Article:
You should use gear oil for your semi trucks differential. The type of gear oil, however, could be mineral or synthetic oil. 

The mineral differential oil is a natural lubricant used to prevent corrosion, while the synthetic oil is meant to achieve optimum performance.

Most newer and automatic trucks may require synthetic oil, while older trucks may need mineral oil.

Can you use Transmission Fluid for Differentials?

You can use transmission fluid for differential, but you have to be cautious to use the latter for transmissions. 

Transmission fluid is somewhat the same as gear oil. It can be used to lubricate the whole drivetrain – differential, driveshafts, clutch, and gearboxes.

Further, while some products have been labeled “for differential and transmission use,” this may not be good for transmission because of high grade or viscosity.

It may damage the transmissions and it may cause clogging in between the components.

It’s recommended that you buy or use differential oil for differential and transmission fluid for transmission.

Do Semi Trucks Differentials Use Synthetic or Mineral Oil?

As previously mentioned, semi trucks both use synthetic and mineral oil.

However, since most semi trucks are used for extreme zones and high loads, synthetic oils are commonly used.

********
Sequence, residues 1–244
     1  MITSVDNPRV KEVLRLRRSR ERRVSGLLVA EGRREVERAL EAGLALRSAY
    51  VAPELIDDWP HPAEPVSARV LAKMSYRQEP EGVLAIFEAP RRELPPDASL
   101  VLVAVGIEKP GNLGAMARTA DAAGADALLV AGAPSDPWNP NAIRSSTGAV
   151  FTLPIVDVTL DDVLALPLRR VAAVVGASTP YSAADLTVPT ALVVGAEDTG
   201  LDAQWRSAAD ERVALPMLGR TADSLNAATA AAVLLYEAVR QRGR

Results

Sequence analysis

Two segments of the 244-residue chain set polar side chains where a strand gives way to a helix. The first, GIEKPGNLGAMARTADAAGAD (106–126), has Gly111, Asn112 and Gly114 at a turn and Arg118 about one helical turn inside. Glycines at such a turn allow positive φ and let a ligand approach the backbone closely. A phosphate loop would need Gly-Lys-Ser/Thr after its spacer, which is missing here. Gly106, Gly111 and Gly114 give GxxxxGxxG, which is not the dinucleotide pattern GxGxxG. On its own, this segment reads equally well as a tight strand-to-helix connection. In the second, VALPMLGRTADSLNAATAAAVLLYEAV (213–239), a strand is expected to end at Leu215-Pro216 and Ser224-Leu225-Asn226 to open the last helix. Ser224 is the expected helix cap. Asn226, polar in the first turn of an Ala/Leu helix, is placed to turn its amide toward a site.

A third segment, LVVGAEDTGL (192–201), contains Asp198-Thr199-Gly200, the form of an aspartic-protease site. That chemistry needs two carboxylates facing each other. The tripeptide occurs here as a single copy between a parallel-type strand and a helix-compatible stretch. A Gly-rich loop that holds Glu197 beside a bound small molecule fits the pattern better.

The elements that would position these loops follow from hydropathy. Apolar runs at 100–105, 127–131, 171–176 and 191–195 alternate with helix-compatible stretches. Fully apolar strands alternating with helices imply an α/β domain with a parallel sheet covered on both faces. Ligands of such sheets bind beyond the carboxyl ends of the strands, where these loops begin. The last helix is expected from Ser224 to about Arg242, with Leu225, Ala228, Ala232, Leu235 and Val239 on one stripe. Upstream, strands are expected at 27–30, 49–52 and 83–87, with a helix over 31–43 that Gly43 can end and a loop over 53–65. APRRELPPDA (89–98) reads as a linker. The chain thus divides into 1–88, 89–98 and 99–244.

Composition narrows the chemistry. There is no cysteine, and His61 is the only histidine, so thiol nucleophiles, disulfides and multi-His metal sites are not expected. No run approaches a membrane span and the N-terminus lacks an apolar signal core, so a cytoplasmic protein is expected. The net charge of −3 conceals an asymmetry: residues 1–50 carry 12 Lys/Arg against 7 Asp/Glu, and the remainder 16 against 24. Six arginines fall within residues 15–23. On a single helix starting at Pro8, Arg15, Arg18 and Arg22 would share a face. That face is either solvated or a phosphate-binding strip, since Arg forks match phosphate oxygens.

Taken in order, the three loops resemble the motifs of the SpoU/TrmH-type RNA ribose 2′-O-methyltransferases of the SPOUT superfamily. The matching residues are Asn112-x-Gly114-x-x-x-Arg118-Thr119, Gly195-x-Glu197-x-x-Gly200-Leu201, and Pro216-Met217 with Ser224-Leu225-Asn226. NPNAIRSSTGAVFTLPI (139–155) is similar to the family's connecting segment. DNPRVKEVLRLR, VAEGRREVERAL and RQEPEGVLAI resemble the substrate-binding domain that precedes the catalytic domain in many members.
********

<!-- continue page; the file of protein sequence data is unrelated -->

The most obvious reasons why trucks use synthetic are fuel efficiency, safety, and service life. 

Overall, synthetics are designed for excellent performance. The only downside of which is its expensive price.

What Grade Differential Oil do Semi Trucks Use?

Most differential gear oils require a grade of SAE 75w90. In comparison, some heavy-duty semi trucks may require SAE 90, 80w-90, and 75w140. 

Refer to the vehicle’s manual to which type of oil and grade is appropriate for your semi trucks.

How much Differential Oil does a Semi Truck Take?

On average, a semi truck can take up to 3 quarts of differential oil. Again, this is only the usual capabilities of a semi truck, and it may vary depending on the size of the truck and number of differentials a vehicle has.

To be sure, check the vehicle’s manual as the weight and capacity of the differential will be listed there.

How often should you Change Differential Oil?

Overall, the oil change for differentials should be done every time the vehicle reaches 30,0000 to 60,000 miles. However, for the front differential, oil changes should be about 25,000 to 35,000 miles. 

If the truck manufacturer provides otherwise, follow such recommendation. 

In addition, oil changing is a messy job. It is advised that you let professional mechanics do this maintenance routine.

What is the Best Oil for the Differential?

It’s not difficult to find the best oil for differential as the market is bombarded with high-end brands.

The only problem is when the one you may choose is not appropriate for your truck. 

So we give you the best differential oils your truck can make use of:

  • Best of the Best: Red Line Synthetic Oil 75W90 – View Price
  • Best for Value: Mobil Delvac Gear Oil 75W90 – View Price
  • Honorable Mention: Liqui Molly Fully Synthetic Gear Oil – View Price

Some gear oil products may indicate that they can be used for several purposes (e.g., differential, transmission).

If you wish to save some money, you can avail of them but be mindful of the SAE grade advised by your manufacturer. 

Some oil may cause more damage than help, so you must make better choices. After all, repair costs are more expensive than regular maintenance.